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Jay Cutler admits he was wrong

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Jay Cutler admits he was wrong

From Comcast SportsNetCHICAGO (AP) -- Chicago Bears quarterback Jay Cutler acknowledged Tuesday that he was wrong to shove teammate J'Marcus Webb on the sideline during the loss at Green Bay last week.He has no second thoughts about yelling at him, however."I probably shouldn't have bumped him, I'll go with that," Cutler told WMVP-AM in Chicago. "As far as me yelling at him and trying to get him going in the game, I don't regret that. I shouldn't have bumped him, I'll stick to that."Cutler drew widespread attention for berating and bumping Webb, the starting left tackle, on the sideline and for making some pointed postgame comments after the 23-10 loss to the Packers on Thursday. National analysts such as Terry Bradshaw and Bill Cowher spoke out, and so did Bears defensive back D.J. Moore this week, saying the quarterback was wrong to go after Webb like that.Cutler looked great in a season-opening blowout over Indianapolis, finding new receiver Brandon Marshall often, but it was a different story last week. He threw four interceptions and got sacked seven times, an all-too-familiar sight for a quarterback who took a beating the previous two years under former offensive coordinator Mike Martz. His tirade against Webb and lack of remorse he showed in the postgame interview brought back questions about his leadership and demeanor.As for why the outburst happened at that particular moment, Cutler wasn't sure."I can't put a definite reason why it happened," he said. "It happened. It's an emotional game. I put a lot into playing quarterback, and I take it seriously. It's just one of the things that happened during the game. Since then, we've talked about it, and it's really behind us."Cutler discussed the incident "with the powers that be" and with the linemen individually. Did he apologize to Webb?"That's between me and J'Marcus," Cutler said. "We've talked. It's in the past. We're moving on. He's our left tackle. He's my left tackle, and I expect him each and every week to play at a certain level. And I think he expects himself to play that way, too."Webb will certainly have to do better, considering Clay Matthews went off for 312 sacks, but he wasn't the only Bears player who had problems. Marshall had just two catches and dropped a potential touchdown pass, yet Cutler consoled him after that.So why didn't Webb get similar treatment?"Everyone's different," Cutler said. "Everyone reacts differently. I've known Brandon for a long time. I've played a lot of football with Brandon (in Denver). I know what Brandon's capable of at a high level, and I know no one was more disappointed in that stadium or as a Bears fan than Brandon Marshall for dropping that touchdown. I know that genuinely in my heart."He also said the offense as a whole needs to improve, including himself. But if there are any lingering issues surrounding the incident, Cutler doesn't see any."We went out there (for practice on Monday), started preparing for St. Louis, had a crisp practice, put in some good stuff," he said. "I think in our building internally, we kind of circle the wagons. I don't care if you win, you lose, there's going to be criticism. There's always going to be something that someone's picking on, someone's trying to make a story out of."He was asked if he can lead the Bears. To that, Cutler said, "Without a doubt. Without a doubt."He was also asked about Moore's comments."He's entitled to his opinion and whatever he wants to say is up to him," Cutler said.Cutler disputed the idea that he lost his composure against the Packers, saying, mistakes by him and other players derailed the Bears. He said he knew what he was doing "as we were calling plays, and everything was going smoothly."In fact, he insisted he wasn't rattled."I'm actually proud of that game," he said. "I thought I fought. I thought I competed hard, made a few errant throws. But whenever we got what we were looking for, I put the ball on the money for the most part."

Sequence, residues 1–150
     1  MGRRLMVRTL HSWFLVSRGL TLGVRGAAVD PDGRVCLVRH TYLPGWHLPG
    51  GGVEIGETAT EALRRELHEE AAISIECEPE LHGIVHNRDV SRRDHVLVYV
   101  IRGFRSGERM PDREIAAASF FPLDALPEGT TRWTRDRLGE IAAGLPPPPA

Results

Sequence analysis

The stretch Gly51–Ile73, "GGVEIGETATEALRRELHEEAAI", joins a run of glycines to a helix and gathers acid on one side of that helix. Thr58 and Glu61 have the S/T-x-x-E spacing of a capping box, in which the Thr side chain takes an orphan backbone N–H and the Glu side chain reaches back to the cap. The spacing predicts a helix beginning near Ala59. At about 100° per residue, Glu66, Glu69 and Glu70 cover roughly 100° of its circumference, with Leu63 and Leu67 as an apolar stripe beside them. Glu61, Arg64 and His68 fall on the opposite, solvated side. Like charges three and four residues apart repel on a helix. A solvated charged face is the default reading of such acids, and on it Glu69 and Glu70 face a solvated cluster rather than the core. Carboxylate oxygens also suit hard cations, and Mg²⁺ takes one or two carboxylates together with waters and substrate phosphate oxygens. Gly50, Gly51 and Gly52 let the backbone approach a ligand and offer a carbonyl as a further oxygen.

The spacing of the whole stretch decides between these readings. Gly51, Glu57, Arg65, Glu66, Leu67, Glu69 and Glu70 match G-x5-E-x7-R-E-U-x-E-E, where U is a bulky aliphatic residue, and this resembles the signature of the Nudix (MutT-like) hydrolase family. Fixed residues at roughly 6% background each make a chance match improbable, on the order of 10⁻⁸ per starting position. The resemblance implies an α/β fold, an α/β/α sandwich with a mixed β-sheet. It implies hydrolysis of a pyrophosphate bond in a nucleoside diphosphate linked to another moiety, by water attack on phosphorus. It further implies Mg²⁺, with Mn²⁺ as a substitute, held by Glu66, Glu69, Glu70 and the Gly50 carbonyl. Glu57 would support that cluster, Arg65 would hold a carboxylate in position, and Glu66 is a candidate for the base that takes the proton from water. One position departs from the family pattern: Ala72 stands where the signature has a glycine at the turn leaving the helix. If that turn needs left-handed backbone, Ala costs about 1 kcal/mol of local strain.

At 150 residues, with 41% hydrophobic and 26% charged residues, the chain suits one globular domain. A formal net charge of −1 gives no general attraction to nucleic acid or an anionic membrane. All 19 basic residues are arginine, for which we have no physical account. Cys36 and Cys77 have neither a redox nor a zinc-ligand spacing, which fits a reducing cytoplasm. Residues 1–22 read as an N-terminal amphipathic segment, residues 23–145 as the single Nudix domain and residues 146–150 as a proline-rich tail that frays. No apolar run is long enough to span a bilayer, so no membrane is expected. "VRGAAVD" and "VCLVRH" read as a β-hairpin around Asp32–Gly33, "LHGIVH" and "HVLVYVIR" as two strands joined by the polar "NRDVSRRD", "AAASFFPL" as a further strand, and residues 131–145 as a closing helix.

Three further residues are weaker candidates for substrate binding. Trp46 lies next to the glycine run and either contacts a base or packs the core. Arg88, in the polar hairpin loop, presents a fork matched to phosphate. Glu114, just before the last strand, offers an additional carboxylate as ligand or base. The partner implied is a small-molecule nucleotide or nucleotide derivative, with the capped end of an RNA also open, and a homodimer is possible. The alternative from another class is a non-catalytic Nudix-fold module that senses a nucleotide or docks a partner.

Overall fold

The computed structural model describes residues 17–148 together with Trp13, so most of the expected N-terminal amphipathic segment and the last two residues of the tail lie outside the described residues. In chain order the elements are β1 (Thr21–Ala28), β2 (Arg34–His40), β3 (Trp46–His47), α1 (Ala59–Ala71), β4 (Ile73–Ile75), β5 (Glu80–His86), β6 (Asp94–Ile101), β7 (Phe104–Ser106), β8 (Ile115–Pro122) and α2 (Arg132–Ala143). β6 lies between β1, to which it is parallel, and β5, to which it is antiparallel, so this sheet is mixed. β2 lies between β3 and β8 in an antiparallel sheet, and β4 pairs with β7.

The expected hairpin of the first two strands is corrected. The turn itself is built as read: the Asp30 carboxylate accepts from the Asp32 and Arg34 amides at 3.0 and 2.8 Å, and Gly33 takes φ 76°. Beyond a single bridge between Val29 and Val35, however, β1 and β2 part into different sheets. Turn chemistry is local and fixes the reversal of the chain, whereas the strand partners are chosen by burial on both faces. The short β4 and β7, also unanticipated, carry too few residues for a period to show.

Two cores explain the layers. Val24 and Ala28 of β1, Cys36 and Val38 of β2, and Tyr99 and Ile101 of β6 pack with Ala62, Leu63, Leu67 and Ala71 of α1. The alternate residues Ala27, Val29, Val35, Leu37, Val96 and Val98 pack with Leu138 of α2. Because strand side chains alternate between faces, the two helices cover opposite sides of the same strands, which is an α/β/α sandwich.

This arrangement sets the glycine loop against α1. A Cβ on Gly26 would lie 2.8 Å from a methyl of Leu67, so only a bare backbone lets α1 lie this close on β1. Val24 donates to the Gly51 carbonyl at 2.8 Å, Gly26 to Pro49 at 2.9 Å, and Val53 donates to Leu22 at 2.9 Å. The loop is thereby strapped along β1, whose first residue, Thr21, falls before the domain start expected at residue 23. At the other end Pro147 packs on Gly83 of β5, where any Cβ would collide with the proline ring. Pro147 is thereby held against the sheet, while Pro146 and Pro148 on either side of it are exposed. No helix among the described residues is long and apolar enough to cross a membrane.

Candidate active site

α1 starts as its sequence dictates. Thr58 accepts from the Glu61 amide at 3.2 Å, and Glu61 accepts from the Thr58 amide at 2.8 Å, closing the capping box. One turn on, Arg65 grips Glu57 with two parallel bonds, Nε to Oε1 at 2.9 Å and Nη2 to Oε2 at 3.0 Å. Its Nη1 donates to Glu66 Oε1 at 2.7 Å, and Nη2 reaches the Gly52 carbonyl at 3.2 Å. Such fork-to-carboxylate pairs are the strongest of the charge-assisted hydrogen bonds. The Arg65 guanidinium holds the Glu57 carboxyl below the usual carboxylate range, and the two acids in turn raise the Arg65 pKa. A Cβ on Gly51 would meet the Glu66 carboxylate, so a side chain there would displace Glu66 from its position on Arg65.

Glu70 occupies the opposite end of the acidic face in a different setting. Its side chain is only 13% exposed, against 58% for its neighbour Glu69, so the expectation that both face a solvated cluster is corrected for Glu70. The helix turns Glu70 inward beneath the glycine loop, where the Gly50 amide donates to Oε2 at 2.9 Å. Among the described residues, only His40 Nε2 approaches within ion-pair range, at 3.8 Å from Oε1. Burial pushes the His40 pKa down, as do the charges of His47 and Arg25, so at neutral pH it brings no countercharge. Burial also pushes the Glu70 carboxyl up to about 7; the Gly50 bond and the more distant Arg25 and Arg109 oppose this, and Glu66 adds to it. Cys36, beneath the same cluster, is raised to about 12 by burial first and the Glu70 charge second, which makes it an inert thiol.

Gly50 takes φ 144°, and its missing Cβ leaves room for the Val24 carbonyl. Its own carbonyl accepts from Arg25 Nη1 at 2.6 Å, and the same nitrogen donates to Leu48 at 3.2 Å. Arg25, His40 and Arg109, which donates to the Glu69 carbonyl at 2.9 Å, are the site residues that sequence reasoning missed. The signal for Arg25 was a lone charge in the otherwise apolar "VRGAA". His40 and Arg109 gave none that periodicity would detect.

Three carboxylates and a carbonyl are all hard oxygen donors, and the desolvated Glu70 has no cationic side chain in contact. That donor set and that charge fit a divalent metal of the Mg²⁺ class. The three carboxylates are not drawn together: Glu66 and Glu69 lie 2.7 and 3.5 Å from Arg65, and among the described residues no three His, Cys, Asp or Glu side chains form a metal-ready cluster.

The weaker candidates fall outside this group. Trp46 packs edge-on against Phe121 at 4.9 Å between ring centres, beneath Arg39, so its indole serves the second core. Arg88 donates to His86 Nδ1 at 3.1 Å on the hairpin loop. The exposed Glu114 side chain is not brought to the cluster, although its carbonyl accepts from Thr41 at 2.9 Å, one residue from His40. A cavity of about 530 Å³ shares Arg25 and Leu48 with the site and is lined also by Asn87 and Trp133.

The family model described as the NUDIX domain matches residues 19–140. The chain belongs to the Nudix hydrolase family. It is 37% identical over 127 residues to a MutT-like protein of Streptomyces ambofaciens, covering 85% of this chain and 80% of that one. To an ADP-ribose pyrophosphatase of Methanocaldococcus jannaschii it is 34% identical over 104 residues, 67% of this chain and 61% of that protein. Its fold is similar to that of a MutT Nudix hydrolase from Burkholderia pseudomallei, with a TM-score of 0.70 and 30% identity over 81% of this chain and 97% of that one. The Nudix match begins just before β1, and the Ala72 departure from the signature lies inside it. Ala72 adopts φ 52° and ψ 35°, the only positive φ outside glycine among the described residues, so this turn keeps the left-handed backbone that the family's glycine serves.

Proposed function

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Las Vegas changes iconic welcome sign to include no capital letters

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Twitter/City of Las Vegas

Las Vegas changes iconic welcome sign to include no capital letters

The Washington Capitals official #ALLCAPS hashtag started in 2017 during a Caps-Penguins game after the Pittsburgh Penguins' official Twitter account decided to tweet in all lowercase letters during the game.